Burnt-out ends of smoky days

I am fifteen and new to this town on the river. I know no one, and this lock-in at this random church is small and strange. There is a boy, one with a bland name and a crop of brunette hair and this smile that casts a spell so easily. I am not pretty; I am awkward. I do not know how to talk to boys, but this one talks to me. He assumes I know things; I play along. I do not know “The Love Song of J. Alfred Prufrock,” but I let him think I do.  I remember the poem for many years after; I see the boy once or twice. He is lost in the Google sea, where bland names do not survive. I fall in love with TS Eliot, not this boy who I no longer even see clearly in memory.

And indeed there will be time
To wonder, ‘Do I dare?’ and, ‘Do I dare?’

-TS Eliot, “The Love Song of J. Alfred Prufrock”

I used to think about TS Eliot in spring, but as 2016 draws to a close I keep returning to his works. I think they’re supposed to be depressing, but for me they’re more like these moments of memory, these evocative, mesmerizing turns of phrase and imagined worlds. As the dreariness of December falls, Eliot takes me to rose gardens and murky English streets and other times. Somehow, these places most put me in a mind for writing.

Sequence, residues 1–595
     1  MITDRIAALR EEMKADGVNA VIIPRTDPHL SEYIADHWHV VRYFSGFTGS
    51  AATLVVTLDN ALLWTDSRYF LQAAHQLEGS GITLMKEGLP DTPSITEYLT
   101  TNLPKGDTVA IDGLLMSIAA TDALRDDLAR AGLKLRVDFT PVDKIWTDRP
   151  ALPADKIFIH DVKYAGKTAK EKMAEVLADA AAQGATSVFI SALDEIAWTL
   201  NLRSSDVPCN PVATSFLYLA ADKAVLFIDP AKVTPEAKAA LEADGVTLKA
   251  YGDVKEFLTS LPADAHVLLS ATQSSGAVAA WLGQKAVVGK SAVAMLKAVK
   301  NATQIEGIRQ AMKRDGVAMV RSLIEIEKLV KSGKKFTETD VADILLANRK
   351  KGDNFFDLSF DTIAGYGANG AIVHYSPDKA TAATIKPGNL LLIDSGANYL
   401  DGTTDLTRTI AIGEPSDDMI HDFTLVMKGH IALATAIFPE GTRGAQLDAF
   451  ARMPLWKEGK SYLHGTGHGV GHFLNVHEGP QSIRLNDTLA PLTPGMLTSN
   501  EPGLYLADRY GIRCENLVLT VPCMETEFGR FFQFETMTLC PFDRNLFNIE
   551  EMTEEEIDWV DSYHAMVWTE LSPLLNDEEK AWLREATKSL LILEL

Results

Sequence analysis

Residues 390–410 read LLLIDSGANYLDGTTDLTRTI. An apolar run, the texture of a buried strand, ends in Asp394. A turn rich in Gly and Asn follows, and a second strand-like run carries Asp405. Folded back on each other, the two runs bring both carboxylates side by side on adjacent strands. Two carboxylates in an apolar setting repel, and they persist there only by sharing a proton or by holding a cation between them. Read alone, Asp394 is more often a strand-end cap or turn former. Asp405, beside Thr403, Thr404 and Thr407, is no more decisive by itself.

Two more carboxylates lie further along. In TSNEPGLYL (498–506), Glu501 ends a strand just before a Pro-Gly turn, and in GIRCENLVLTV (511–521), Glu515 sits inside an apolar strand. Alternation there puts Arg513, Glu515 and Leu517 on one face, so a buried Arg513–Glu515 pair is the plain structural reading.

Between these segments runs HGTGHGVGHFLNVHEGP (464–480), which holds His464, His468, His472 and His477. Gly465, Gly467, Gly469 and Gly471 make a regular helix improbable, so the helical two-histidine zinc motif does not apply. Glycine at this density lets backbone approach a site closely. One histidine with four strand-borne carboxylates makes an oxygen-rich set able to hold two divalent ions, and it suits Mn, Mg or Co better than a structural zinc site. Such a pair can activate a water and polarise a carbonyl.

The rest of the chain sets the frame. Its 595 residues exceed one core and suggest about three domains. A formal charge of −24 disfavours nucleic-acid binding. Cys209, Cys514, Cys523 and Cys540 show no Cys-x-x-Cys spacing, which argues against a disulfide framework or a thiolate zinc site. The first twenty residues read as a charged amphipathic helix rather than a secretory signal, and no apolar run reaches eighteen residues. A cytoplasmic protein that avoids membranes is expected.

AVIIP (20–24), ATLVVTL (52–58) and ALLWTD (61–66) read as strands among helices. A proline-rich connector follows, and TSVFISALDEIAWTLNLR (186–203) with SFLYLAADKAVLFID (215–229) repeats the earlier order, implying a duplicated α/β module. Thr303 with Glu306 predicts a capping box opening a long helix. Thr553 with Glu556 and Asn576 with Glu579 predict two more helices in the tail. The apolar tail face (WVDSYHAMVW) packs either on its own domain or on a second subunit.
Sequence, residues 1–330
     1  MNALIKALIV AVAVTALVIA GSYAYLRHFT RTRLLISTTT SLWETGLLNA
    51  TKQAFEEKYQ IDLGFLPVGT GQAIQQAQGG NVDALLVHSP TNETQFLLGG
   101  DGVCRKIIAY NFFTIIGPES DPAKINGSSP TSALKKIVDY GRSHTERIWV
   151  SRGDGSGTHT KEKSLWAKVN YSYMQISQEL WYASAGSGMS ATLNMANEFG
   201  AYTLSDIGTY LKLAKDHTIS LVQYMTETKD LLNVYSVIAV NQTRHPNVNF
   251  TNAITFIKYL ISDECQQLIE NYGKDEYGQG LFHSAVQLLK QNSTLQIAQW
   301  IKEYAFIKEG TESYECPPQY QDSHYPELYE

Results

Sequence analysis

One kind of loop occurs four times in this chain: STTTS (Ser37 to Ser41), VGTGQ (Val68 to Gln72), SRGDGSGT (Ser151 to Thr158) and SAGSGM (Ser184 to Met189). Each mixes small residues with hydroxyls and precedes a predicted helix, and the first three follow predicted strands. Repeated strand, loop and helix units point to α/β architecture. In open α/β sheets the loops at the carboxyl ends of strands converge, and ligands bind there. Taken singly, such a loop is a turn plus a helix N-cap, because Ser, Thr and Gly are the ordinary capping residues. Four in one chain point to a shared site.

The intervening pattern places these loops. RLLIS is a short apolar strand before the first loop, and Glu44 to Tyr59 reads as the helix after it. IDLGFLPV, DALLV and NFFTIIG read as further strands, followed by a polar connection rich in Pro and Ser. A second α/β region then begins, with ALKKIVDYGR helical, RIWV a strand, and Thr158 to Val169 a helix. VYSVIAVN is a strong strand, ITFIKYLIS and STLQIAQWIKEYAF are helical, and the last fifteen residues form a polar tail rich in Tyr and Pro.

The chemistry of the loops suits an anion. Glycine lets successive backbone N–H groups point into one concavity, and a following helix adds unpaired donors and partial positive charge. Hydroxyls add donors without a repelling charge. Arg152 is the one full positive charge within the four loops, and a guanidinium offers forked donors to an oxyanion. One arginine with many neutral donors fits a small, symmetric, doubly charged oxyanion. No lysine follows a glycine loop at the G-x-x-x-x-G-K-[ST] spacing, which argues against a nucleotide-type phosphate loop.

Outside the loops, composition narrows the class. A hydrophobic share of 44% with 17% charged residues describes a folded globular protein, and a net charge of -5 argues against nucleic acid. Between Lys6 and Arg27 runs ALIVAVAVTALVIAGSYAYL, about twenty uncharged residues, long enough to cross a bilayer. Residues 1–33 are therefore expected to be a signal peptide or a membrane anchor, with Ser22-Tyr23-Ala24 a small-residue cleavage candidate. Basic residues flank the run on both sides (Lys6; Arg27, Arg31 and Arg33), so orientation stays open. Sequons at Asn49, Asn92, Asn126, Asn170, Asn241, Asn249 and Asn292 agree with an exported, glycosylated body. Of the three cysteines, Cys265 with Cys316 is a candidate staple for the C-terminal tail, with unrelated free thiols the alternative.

In 2016, I did not become the writer I wanted to be, but I came closer. I made progress, and next year I will make more. This year, I wrote, and no one can take that from me. It is my victory, and I own it as much as (perhaps more than?) my writing failures.

This year, I dared. This year, I sent article pitches to several online media outlets. Mostly, I got silence; once, I got a response and then nothing. I call this progress.

I wrote a book. Last winter and spring, I spent countless hours at my desk. I tried to make the most of those moments while my son slept and when I didn’t have schoolwork to do. I discovered that writing in the school year is very, very hard. But I did it. This, too, is progress.

In summer, I wrote for long blissful days, hiding away in my office while the hot world curled by. And then, I put myself out further into the world: I wrote queries to so many agents and sent them out and waited.Mostly, there was silence. Sometimes, rejection. Once or twice, fleeting interest.

All this is progress.

And then, full stop. As the year began to draw to its close, I lost sight for a little while. I’m still here, waiting, but nearly ready to move forward.

‘What shall we ever do?’
The hot water at ten.
And if it rains, a closed car at four.
And we shall play a game of chess,
Pressing lidless eyes and waiting for a knock upon the door.
-TS Eliot, “The Waste Land”

In two weeks, I’ll put away the lesson plans and the grading and take a brief respite from the school year. I’m ready for my next step, and formulating a plan to take me into the new year. In 2016, I tested the waters and began to see what I might do.

In 2017, I will be more.



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